We live in a world that is starved for true authentic hospitality. With so many magazines and TV shows displaying what a perfect home should look like, so many people are unwilling to open their home to others unless they achieve that level of perfection. From pristine living rooms that are unbelievably uncomfortable to picture perfect meals that take hours to prepare, we are so busy trying to impress others that we fail to bless others. God did not call us to perfection, He called us to love. Authentic hospitality is sadly undervalued among our culture today.
We read a story in the New Testament of two sisters. Mary and Martha. Jesus had come and was having supper in their home. Martha was running around making sure her table was perfect and the food was just right, but Mary was sitting at His feet listening. I know what you’re thinking. You’re thinking I seem to contradict myself. One day I talk about planning the perfect tea party and the next I’m telling you to forget planning. Let me clarify. I’m not against a planned out event, a pretty table, or delicious food. I will continue to offer guides and posts on all things lovely when it comes to hosting different events. However, the motivation and heart behind our hospitality must be authentic and must be out of genuine love for others. We cannot get so lost in the planning that we forget the people. Now you’re asking “ok well how do I do that” I’m glad you asked!
- When you have company, especially someone in need of a shoulder to cry on, try your best to limit distractions. Pour a couple of cups of tea, turn off the TV, put your phone down, and listen.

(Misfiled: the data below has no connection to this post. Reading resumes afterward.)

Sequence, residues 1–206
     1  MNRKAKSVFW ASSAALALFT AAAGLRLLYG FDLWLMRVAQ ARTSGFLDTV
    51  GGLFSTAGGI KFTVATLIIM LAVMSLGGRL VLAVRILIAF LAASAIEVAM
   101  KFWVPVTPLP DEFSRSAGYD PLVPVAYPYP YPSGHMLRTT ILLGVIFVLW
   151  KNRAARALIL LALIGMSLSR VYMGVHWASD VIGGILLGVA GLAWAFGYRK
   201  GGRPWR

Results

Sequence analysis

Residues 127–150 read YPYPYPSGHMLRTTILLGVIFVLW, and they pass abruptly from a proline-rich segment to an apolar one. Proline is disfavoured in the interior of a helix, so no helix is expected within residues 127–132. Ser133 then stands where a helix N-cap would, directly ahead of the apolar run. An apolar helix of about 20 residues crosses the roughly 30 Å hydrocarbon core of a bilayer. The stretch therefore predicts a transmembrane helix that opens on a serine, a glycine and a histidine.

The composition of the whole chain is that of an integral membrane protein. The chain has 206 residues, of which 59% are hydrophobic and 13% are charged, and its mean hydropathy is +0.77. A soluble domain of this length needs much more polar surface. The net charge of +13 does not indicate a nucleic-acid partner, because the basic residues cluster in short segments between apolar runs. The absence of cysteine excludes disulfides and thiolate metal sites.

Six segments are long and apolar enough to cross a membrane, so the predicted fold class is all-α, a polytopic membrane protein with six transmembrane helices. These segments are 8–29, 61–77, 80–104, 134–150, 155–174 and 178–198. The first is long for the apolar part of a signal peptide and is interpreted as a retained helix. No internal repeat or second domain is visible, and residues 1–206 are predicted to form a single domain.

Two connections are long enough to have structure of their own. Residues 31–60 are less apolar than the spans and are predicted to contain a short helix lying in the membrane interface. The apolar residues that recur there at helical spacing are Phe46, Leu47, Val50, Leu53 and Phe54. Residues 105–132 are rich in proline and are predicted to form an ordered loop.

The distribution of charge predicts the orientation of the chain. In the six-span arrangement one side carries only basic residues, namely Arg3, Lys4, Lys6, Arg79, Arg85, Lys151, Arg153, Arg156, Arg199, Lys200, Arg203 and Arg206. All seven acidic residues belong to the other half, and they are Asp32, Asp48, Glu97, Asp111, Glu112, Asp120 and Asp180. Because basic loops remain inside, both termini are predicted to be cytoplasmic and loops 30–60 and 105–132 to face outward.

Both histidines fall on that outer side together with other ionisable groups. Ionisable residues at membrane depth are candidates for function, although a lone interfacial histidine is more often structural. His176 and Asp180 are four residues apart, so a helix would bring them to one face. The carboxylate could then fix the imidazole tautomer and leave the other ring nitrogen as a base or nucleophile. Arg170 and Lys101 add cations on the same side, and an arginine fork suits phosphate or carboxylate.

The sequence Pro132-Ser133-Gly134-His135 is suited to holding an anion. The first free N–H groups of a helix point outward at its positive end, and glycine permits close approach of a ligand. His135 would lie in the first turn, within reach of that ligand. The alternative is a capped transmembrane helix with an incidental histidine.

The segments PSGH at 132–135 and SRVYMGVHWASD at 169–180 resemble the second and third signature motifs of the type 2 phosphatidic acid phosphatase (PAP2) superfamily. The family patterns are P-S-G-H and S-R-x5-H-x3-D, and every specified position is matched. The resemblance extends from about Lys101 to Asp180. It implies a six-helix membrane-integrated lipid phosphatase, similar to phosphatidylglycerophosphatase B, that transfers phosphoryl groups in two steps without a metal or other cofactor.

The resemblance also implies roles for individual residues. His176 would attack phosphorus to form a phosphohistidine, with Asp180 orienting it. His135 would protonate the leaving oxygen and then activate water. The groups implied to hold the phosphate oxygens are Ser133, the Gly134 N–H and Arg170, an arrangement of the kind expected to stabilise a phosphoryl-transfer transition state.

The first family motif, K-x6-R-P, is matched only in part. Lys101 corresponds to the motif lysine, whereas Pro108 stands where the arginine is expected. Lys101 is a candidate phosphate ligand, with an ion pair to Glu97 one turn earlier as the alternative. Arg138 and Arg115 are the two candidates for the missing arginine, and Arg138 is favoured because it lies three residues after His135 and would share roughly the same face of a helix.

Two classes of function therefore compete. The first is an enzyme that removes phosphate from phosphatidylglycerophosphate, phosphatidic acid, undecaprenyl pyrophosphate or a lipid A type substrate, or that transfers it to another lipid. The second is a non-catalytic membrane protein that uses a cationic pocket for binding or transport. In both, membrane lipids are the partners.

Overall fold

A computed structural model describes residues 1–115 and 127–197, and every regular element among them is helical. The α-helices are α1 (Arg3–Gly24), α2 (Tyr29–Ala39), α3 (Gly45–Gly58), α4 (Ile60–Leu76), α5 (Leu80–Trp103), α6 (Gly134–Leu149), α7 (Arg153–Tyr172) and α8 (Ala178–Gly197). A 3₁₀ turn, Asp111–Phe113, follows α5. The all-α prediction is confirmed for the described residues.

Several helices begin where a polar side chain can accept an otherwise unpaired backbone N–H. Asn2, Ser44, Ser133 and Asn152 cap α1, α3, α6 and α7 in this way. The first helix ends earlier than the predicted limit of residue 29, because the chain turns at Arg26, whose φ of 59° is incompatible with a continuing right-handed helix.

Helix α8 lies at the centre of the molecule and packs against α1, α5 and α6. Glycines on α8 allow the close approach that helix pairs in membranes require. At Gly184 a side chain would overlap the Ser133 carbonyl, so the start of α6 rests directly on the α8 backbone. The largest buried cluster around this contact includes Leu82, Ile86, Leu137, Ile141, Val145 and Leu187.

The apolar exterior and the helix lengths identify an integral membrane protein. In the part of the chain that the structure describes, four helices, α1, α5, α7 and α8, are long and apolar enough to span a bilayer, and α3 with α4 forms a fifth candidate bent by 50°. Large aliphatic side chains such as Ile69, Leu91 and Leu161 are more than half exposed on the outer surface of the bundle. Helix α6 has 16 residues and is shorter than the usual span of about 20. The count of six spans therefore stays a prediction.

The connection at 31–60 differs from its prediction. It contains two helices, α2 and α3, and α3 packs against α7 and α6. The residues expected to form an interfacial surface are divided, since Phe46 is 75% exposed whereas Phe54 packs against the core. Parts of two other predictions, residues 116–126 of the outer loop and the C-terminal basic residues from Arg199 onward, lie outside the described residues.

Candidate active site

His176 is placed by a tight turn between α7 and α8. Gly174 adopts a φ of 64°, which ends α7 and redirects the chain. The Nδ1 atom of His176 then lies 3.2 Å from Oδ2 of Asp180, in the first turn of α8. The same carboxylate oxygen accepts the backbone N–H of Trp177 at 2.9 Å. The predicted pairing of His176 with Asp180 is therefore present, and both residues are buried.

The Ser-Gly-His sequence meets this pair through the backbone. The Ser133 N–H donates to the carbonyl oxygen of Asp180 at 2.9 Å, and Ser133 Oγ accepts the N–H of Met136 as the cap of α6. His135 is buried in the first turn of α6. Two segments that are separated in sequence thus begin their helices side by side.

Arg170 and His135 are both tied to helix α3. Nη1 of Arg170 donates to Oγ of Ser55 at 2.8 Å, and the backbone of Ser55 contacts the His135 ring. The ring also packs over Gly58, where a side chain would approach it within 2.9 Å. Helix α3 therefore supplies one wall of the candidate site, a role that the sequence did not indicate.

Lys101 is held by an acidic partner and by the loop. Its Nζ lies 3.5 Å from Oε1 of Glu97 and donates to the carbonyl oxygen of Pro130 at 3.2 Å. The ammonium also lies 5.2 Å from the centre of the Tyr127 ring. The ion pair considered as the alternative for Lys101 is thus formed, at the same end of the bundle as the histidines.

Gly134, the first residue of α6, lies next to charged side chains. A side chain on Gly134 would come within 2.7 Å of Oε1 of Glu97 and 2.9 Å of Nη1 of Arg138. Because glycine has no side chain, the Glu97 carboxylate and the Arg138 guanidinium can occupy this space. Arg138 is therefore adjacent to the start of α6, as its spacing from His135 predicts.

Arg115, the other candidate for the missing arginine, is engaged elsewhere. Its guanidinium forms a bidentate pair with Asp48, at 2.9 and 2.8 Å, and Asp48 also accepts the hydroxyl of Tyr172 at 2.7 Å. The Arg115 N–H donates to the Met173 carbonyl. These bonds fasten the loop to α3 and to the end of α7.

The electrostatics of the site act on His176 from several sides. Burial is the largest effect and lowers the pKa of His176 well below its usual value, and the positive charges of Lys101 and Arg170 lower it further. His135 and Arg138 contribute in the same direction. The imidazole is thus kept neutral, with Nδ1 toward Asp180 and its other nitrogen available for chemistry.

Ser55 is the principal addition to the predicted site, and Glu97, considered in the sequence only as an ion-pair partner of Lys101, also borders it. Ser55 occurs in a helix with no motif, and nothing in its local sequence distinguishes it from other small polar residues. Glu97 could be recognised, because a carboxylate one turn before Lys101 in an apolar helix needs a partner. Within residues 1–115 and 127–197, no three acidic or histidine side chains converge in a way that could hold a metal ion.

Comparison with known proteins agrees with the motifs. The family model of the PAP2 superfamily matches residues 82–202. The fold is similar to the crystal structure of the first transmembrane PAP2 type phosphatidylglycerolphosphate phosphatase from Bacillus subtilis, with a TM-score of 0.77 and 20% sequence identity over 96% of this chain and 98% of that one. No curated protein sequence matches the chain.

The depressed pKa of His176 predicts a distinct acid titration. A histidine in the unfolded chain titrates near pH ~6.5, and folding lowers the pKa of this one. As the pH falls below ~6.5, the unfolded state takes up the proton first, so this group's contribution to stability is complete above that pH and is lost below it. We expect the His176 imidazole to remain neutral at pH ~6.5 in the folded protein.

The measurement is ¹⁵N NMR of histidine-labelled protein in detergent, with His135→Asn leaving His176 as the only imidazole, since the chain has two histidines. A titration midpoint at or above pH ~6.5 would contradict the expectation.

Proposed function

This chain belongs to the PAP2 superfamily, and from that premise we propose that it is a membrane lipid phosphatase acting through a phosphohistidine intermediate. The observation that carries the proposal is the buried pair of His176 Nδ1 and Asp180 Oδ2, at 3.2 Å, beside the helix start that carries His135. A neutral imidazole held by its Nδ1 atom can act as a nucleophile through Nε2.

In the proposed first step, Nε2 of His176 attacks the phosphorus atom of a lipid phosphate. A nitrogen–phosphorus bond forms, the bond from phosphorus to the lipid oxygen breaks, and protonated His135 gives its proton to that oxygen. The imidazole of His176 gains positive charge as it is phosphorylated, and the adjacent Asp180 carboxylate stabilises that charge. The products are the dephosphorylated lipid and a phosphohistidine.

- When you have company show up while you’re cooking or in the middle of a project, invite them to join you. (This mainly applies to unexpected company)
- When you are hosting an event, put your phone down.
- Don’t apologize for the things you don’t have, or the imperfections in what you do have. If a glass of water is all you have to offer, offer it humbly but don’t apologize that you don’t have lemonade to offer.
Authentic hospitality is not just for our friends and family closest to us. In the New Testament, the Greek word translated “hospitality” means “love of strangers.” It’s opening your heart to the neighbor next door, the single mom down the street, the broke college student who needs a nutritious meal, the elderly shut-in desperate to see beyond their four walls, or the lonely widow who just needs some company. We read in the Old Testament a story of King David. He desperately wanted to show kindness and hospitality to the family of Saul after his death. So he reached out to a complete stranger, a shut-in relative, and brought him to his home. What a difference we could make if that was our mindset. When we treat people with kindness, we often open the door for them to receive a witness of the gospel.
Some good ways to seek out those people in desperate need of hospitality:
- Ask your church pastor or leaders. I am sure they will have a name for you to reach out to.
- Get to know the neighbors on your street. Maybe consider holding an open house and inviting your neighborhood to stop in for lemonade and ice cream this summer.
- Contact your local university or seminary and ask if you can be a blessing to a struggling student.
- Offer to cook supper for a family with an illness or a new baby.
- Pick up a shut-in and take them for lunch or a picnic in a park.
Our world is starved for true genuine hospitality. Let us be the ones to show them that kindness and let them experience God’s love through our lives.